Increase your chance of surviving breast cancer with an oophorectomy
Kelly Metcalfe, a professor of medicine and nursing at the Women’s College Research Institute of the University of Toronto, led the study.
Researchers reported that if you’re a woman with a BRCA1 or BRCA2 mutation, you can increase your chance of surviving breast cancer
by having an oophorectomy
If you’re a BRCA carrier, your risk of breast and ovarian cancer
sharply increases. Your doctor then usually suggests preventative mastectomy or oophorectomy.
Metcalfe says that her new study points out that having these surgeries as soon as possible is vital.
What does ovary removal have to do with a lower breast cancer death rate?
JAMA Oncology published the study online earlier this month. While researchers found a link between ovary removal in women with BRCA and lower risk of breast cancer
death, they weren’t able to prove cause and effect.
The study entailed following 676 women who had early stage breast cancers and were carriers of BRCA1 or BRCA2 mutations. The report stated that all women had undergone some sort of breast cancer treatment, such as mastectomy or lumpectomy (breast tumour
removal). Roughly half had their ovaries removed.
Overall, 77% of women survived over the 20-year follow-up from time of diagnosis, the findings showed.
Women who had their ovaries removed had a 56% reduction in breast cancer death compared to those who kept them. When researchers looked at only those with BRCA1 mutations, those who had their ovaries removed had a 62% lower risk of breast cancer death than BRCA1 who didn’t.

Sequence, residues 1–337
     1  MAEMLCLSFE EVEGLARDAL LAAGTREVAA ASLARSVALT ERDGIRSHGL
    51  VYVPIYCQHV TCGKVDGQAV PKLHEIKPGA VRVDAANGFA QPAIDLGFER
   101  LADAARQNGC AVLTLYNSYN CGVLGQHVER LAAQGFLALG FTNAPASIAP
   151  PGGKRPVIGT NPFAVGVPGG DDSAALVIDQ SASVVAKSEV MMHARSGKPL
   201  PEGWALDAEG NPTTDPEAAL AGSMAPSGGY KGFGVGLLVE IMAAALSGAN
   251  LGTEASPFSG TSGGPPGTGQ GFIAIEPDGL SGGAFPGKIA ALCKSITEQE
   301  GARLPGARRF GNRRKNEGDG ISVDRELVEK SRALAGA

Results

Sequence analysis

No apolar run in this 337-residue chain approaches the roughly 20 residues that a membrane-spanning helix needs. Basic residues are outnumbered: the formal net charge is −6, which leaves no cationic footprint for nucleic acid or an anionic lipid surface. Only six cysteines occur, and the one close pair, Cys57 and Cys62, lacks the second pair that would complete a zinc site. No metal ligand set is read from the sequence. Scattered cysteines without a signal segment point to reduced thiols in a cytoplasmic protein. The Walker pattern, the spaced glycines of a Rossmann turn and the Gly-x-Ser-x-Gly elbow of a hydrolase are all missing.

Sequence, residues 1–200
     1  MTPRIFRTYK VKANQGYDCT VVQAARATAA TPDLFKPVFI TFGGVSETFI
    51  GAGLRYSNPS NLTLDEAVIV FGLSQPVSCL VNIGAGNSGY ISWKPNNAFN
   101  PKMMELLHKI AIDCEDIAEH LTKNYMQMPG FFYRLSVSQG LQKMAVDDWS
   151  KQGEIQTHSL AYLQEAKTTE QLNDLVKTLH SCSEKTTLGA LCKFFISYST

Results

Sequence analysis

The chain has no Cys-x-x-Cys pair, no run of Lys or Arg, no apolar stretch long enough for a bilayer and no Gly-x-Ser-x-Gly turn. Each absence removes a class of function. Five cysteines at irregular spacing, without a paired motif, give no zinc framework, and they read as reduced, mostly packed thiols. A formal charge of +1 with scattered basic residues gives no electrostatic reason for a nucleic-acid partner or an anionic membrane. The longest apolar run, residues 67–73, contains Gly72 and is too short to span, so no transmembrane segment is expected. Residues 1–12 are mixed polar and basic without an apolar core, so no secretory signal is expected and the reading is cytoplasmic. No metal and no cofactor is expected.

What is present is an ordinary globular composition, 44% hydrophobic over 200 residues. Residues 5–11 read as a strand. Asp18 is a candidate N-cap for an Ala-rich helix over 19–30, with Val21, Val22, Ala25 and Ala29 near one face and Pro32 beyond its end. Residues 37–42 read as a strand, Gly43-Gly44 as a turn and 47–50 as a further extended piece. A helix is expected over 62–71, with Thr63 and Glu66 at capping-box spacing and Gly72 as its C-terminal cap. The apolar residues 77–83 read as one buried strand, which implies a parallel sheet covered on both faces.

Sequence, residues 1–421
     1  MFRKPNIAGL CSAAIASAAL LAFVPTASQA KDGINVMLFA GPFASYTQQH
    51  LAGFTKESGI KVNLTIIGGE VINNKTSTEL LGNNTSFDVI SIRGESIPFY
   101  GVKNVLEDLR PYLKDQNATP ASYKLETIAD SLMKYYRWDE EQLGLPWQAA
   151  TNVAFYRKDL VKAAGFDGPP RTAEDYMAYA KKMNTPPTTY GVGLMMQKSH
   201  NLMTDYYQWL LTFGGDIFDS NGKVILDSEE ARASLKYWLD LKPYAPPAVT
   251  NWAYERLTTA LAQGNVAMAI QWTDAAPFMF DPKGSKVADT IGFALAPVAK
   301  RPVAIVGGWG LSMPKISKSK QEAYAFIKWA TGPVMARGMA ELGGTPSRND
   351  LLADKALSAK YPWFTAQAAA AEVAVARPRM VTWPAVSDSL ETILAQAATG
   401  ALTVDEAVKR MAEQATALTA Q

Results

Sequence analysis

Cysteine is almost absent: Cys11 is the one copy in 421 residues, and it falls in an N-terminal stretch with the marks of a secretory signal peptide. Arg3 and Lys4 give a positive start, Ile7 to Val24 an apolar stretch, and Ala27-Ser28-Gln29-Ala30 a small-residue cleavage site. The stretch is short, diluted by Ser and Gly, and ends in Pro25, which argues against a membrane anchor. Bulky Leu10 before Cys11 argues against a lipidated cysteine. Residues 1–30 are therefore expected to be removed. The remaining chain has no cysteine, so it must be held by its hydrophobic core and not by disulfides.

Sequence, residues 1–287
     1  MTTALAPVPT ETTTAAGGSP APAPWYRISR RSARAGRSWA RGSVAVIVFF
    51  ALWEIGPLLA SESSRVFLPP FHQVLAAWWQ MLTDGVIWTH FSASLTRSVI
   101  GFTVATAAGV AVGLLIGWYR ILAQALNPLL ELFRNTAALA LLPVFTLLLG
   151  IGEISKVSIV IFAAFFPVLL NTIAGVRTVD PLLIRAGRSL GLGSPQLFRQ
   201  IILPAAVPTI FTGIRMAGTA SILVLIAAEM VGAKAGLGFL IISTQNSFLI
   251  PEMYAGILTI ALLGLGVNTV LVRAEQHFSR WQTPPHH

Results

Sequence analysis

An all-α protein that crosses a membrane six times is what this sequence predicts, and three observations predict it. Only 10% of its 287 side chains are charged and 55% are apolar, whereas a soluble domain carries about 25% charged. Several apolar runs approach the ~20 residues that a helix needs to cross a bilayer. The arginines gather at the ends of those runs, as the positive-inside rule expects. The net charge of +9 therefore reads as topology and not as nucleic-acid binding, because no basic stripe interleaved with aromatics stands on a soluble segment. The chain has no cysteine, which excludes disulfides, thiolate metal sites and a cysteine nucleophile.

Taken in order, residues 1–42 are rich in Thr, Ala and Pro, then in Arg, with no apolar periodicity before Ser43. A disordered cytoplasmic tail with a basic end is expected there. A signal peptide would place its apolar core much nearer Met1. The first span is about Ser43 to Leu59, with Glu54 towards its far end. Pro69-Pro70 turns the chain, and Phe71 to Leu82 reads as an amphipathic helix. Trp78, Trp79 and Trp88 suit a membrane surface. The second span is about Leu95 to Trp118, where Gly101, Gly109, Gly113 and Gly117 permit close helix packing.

The women with BRCA2 who had their ovaries removed had a lower risk of breast cancer death than carriers who kept them. However, the lowered risk wasn’t great enough for Metcalfe to consider it statistically significant.
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How early you should remove your ovaries
On average, women in the study who had their ovaries removed had it done six years after being diagnosed with breast cancer.
Despite this, earlier oophorectomy conferred a greater reduction in breast cancer death risk, the study found.
Metcalfe says that having your ovaries removed within one year from diagnosis will be most effective.
There are, however, complications involved in having your ovaries removed
Having an oophorectomy is no easy decision, Metcalfe points out.
Like any surgery, it carries risk. Having your ovaries removed before menopause also causes early menopause.
Some women may also choose to keep their ovaries until they finish childbearing.
And there you have it. So, if you’re a carrier of a BRCA gene, you might want to strongly consider having your ovaries removed. For professional advice, chat to your doctor. The sooner you do so, the more significantly you’ll lower your risk of dying from breast cancer.